In seeking a straw man for debate, David Hamilton has mischaracterized my position on electoral politics. For instance, my initial statement made it abundantly clear that I am acutely aware of the corrupting influence of money in politics, especially in the wake of the Citizens United decision.
My primary emphasis is on the construction of a vibrant grassroots movement that can challenge not only corporate power in the electoral arena, but replace capitalism itself with a system that, on a far more inclusive and democratic basis, serves the needs and aspirations of society as whole.
This would necessarily involve both electoral and non-electoral means. Not only would Hamilton abandon the electoral field of battle to corporate interests, so also would he leave millions in the lurch. Hundreds of thousands have fought for, and some have died, to secure the right to vote in this country over the past two and a half centuries. Most often the deck was stacked against them, but they put their shoulders to the wheel, built movements and slowly rolled society forward.
Electoral politics and social movements have had a reflexive relationship. Movements have made gaining wider public access to the ballot box possible, and use of the ballot has brought about important social changes. By way of example, the Civil Rights movement began after World War II and some 20 years later, resulted in the passage of the Civil Rights Act of 1964 and the Voting Rights Act of 1965.
Since that time, African-Americans have not only experienced far greater access to accommodations and elected thousands of their own representatives to office, but have experienced access to numerous other opportunities, ranging from education to employment to fair housing.
To proclaim “game over” as Hamilton has done, denies all this history and those who not only fought for these gains, but for better or worse, those who still believe participation in the electoral process has some potential. To tell progressive constituencies such as labor, minorities, women, gays, or seniors that such participation is meaningless smacks of white upper middle class privilege, and will surely be regarded that way.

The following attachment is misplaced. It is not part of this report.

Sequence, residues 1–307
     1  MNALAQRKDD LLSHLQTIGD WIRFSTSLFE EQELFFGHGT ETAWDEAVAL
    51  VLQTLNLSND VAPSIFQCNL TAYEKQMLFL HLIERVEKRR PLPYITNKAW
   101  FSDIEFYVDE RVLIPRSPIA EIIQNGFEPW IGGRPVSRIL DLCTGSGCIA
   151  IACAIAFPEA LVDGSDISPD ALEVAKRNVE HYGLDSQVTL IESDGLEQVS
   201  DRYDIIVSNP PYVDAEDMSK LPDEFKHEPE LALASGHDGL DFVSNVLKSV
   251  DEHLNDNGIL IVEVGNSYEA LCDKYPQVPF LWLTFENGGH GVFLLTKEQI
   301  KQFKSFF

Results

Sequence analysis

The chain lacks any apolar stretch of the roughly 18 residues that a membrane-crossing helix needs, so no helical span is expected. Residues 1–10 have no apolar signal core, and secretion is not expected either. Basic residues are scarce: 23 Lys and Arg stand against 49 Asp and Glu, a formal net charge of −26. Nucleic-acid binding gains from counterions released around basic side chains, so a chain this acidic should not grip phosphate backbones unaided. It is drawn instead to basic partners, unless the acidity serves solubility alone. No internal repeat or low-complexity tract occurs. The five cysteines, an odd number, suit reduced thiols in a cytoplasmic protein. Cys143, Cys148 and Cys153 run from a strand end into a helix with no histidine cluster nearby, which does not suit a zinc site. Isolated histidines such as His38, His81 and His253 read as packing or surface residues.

If the process doesn’t work, if it’s overwhelmed with money, and dominated by a duopoly, which it is, then as Rudi Dutschke informed us, all the more reason to be involved. There are a multitude of ways the present system can be confronted, challenging it to greater openness, responsiveness, and representation.
Again, the weight of history is behind this type of approach, and turning away from it does nothing to challenge the inherent contradictions. Exploiting these contradictions would eventually open the door to class conflict, or if not, at least help spark a legitimacy crisis.
Worse yet, while repudiating electoral participation, Hamilton provides nowhere else to turn. While he vaguely argues we should “champion democracy,” he doesn’t specify what that means. If change cannot be brought about through voting, then what else does Hamilton propose? He essentially urges a boycott of the polls in return for nothing to show for such an effort. This is a “bargain” very few will likely accept.
Hamilton’s position would be far more persuasive were he to propose a non-electoral strategy that might be viewed as feasible and capable of actually “making a difference.”
This reply is dedicated to the memory of Harry T. and Harriette V. Moore, who in 1951 gave their lives, in part, in the struggle to secure suffrage for everyone.
[David P. Hamilton, a graduate of the University of Texas at Austin in history and government has been an activist since the Sixties when he was a contributor to the original Rag. Jay D. Jurie, a resident of Sanford, Florida, has been involved with social change for several decades. He researches, writes, and teaches in the areas of public policy, public administration, and urban planning. Read articles by David P. Hamilton and Jay D. Jurie on The Rag Blog.]